So imagine a film noir. Now, imagine that film noir as a technicolor Cinemascope production, and you have Black Widow. A certainly interesting, but just passable noir about a Broadway producer framed for a murder he didn't commit. Fleeing from the police, he picks up clues about the victim, and realizes his friends are not what they seem (of course). While this is pretty to look at, unfortunately, once you figure out what the cops are doing. the suspense disappears somewhat, and completely collapses at the end when we do find out the real murderer as it's almost presented as an anticlimax. Still worth a look though for it's amazing photography.
Black Widow (1954) 1080p YIFY Movie
Black Widow (1954) 1080p
Black Widow is a movie starring Ginger Rogers, Van Heflin, and Gene Tierney. A young writer insinuates herself into the life of a Broadway producer.
IMDB: 6.84 Likes
The Synopsis for Black Widow (1954) 1080p
A married Broadway producer is taken with an innocent young woman who wants to be a writer and make it on Broadway. He decides to take her under his wing, but it's not long before the young lady is found dead in his apartment. At first thought to be a suicide, it is later discovered that she has been murdered, and suspicion immediately falls on the producer. He begins his own investigation in order to clear his name, and one of the first things he finds out is that the young woman wasn't quite as naive and innocent as she appeared to be.
The Director and Players for Black Widow (1954) 1080p
The Reviews for Black Widow (1954) 1080p
Black WidowReviewed bySpuzzlightyearVote: 7/10
Very impressive cast in a better than OK murder mystery. With touches of All About Eve and Sunset Boulevard, this film moves along at a good clip with only a few draggy scenes.
Ginger Rogers plays a bitchy stage diva who is married to a mousy man (Reginald Gardiner) and lives in the same apartment building as her producer (Van Heflin) who is also married to an actress (Gene Tierney). While Tierney is away, Heflin attends one of Rogers' big parties and meets a quiet young woman (Peggy Ann Garner) who actually has no real interest in acting or theatre. She is a writer. He invites her out for a real meal and she insinuates herself into his life.
The party scene is pretty funny with Ginger ripping off several "Margo Channing" ripostes at the expense of Bea Benaderet. Heflin is infatuated with the serious young Garner whose only link to the stage is her uncle (Otto Kruger) who is an actor. She also befriends a young brother and sister from Boston (Virginia Leith & Skip Homeier) who are doing the Greenwicj Village beatnik thing.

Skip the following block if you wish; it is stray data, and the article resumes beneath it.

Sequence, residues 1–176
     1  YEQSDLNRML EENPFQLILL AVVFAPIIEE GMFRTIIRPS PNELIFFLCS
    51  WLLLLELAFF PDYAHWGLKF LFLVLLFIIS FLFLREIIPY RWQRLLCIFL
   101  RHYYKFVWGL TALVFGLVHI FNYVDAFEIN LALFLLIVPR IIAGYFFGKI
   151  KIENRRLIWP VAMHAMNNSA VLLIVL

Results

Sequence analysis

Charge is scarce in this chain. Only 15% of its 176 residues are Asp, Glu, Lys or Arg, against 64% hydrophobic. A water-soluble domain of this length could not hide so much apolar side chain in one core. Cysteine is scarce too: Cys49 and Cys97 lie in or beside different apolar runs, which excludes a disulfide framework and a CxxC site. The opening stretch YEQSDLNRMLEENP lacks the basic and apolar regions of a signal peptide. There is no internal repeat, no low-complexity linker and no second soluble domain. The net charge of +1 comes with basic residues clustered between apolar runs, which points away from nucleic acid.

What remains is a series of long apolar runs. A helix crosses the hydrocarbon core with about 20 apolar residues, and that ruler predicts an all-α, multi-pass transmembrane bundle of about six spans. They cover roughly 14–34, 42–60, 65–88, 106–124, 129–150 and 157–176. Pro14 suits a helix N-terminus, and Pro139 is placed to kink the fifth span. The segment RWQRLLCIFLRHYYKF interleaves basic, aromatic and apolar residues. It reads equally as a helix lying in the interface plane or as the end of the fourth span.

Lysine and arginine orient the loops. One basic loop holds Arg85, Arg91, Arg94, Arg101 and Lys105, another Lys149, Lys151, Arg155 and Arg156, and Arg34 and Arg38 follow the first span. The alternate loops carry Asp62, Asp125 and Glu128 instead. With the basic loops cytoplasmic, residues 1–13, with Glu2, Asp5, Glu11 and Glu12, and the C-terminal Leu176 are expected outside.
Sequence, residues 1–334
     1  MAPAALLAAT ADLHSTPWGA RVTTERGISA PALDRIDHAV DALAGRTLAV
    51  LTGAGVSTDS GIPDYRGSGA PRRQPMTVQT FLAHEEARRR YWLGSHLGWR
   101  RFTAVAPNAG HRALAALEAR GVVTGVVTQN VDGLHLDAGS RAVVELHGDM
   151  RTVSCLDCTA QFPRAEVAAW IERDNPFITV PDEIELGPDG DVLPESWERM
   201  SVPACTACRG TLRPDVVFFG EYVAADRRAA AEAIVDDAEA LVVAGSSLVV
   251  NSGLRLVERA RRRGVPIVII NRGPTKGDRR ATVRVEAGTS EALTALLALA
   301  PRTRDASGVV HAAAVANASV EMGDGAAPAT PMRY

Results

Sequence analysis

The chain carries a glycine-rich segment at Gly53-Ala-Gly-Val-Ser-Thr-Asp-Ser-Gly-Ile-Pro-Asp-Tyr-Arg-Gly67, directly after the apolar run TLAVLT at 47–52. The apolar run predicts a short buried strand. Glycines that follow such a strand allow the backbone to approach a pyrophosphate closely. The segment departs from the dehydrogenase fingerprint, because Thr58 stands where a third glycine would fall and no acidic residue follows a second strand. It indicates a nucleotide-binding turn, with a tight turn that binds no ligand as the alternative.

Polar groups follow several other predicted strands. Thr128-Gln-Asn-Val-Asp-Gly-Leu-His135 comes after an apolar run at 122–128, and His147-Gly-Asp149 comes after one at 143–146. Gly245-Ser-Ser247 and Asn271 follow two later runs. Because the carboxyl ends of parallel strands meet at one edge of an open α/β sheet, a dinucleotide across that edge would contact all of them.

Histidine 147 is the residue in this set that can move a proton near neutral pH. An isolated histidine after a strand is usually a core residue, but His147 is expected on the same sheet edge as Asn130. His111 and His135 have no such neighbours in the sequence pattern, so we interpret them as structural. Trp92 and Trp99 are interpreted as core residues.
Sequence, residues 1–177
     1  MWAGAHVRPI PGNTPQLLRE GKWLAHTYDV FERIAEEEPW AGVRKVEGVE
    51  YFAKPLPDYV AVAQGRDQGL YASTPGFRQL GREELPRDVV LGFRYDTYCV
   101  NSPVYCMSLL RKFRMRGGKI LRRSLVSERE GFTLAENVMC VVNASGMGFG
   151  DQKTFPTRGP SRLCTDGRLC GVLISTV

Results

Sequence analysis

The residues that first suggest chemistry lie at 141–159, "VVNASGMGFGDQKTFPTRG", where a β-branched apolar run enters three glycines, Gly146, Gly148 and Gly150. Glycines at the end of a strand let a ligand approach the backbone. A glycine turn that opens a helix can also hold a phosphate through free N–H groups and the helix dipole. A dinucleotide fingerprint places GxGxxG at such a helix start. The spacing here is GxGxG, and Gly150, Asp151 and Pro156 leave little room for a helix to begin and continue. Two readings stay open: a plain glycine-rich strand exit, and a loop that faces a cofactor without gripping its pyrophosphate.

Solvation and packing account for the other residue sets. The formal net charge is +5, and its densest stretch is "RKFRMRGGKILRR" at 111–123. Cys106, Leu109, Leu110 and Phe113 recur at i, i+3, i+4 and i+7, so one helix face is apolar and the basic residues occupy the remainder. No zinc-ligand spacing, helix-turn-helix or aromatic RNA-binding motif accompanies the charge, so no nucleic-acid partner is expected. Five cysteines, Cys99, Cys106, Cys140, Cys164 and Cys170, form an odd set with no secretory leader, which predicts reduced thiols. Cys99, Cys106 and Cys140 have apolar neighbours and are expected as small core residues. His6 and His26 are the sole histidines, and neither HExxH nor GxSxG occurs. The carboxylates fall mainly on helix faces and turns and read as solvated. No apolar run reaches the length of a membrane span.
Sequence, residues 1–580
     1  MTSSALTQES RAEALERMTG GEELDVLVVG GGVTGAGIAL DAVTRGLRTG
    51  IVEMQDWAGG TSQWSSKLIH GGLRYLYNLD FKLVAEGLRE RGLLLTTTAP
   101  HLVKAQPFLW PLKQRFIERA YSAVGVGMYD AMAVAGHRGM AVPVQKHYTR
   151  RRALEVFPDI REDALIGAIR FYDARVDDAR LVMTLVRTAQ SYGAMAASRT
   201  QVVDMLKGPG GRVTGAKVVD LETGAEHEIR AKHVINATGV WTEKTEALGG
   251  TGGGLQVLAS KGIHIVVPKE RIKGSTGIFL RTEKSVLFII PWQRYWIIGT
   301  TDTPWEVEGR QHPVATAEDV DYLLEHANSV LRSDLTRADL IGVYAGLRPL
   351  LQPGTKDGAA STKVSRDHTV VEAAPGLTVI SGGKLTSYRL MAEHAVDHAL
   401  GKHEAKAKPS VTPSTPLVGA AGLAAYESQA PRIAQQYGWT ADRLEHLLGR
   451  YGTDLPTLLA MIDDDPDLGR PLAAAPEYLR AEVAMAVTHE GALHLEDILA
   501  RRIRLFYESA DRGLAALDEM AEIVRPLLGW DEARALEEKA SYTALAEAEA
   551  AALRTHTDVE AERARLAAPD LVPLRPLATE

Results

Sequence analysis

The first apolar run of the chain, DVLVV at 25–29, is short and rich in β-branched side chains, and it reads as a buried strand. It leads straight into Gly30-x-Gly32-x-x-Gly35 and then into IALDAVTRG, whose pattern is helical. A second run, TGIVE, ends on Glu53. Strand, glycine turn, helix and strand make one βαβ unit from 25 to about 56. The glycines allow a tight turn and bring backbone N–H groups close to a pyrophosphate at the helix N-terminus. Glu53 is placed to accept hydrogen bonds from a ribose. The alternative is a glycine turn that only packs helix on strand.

Well there is an apparent suicide and that brings in a detective (George Raft) who hounds everyone. When the suicide is discovered to be a murder, things get really dicey for all involved.
For the most part the acting is solid. I never liked Heflin but he's OK in this film. Rogers plays the diva well and looks great. Tierney gets a few good scenes. Raft is solid as the detective. Gardiner is especially good, but Peggy Ann Garner, a top child star of the 40s is quite excellent as the moody and strange young writer. Oddly, she didn't make a film after this one for another 12 years. She reminds me here of Barbara Bel Geddes. Bea Benaderet as the party guest, Otto Kruger as the uncle, and Leith and Homeier as the beatniks are all good.
Also in this film are Cathleen Nesbitt oddly cast as a cleaning lady, Mabel Albertson is the bar owner, Hilda Simms plays the sympathetic waitress, and believe it or not, the gangly witness from the movie theater is Aaron Spelling, who would have a major career as a TV producer.
Worth a watch.
I greatly enjoyed this Cinemascope, Stereo-Sound romp, but mainly as a Guilty Pleasure, as it's a film very much of it's time, with mismatched acting styles, lush, unbelievable sets, a central premise that doesn't make much sense (lending your expensive apartment to a just-met down-and-out writer while your wife's away),and an early attempt to make visual sense of the then-new wide-screen process.
Why do I like it? Ginger Rogers is way over the top, popping on and off screen with snappy diva one-liners, like Margo Channing on pep pills; Peggy Ann Garner plays a subversive Lolita, crazy-seductive and irresistible, and you can even spot Aaron Spelling towards the end in a bit part as a theatre employee.
The palette is loaded with pastel colors so popular in the 1950's, and the whole thing is sort of a mild domestic whodunit whipped up into an anemic Douglas Sirk confection. Great it ain't, but because of Rogers, Van Heflin, Gene Tierney (who has very little to do but does it beautifully) and Reginald Gardner, I found it greatly entertaining.